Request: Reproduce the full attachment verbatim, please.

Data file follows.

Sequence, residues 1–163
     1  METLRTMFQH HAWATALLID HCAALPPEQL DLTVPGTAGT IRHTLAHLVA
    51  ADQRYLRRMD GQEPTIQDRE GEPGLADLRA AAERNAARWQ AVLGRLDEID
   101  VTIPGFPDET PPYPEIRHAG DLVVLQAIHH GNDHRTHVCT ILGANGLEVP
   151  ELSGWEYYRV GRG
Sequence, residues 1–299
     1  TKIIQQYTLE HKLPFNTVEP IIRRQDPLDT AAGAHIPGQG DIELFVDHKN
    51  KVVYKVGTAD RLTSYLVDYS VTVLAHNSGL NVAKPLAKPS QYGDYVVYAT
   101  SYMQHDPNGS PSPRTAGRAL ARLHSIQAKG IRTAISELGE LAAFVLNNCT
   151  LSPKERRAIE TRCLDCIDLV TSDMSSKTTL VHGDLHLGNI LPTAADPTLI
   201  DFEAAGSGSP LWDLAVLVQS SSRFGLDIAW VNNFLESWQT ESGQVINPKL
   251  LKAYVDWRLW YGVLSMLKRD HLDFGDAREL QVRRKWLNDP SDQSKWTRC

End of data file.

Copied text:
Sequence, residues 1–163
     1  METLRTMFQH HAWATALLID HCAALPPEQL DLTVPGTAGT IRHTLAHLVA
    51  ADQRYLRRMD GQEPTIQDRE GEPGLADLRA AAERNAARWQ AVLGRLDEID
   101  VTIPGFPDET PPYPEIRHAG DLVVLQAIHH GNDHRTHVCT ILGANGLEVP
   151  ELSGWEYYRV GRG
Sequence, residues 1–299
     1  TKIIQQYTLE HKLPFNTVEP IIRRQDPLDT AAGAHIPGQG DIELFVDHKN
    51  KVVYKVGTAD RLTSYLVDYS VTVLAHNSGL NVAKPLAKPS QYGDYVVYAT
   101  SYMQHDPNGS PSPRTAGRAL ARLHSIQAKG IRTAISELGE LAAFVLNNCT
   151  LSPKERRAIE TRCLDCIDLV TSDMSSKTTL VHGDLHLGNI LPTAADPTLI
   201  DFEAAGSGSP LWDLAVLVQS SSRFGLDIAW VNNFLESWQT ESGQVINPKL
   251  LKAYVDWRLW YGVLSMLKRD HLDFGDAREL QVRRKWLNDP SDQSKWTRC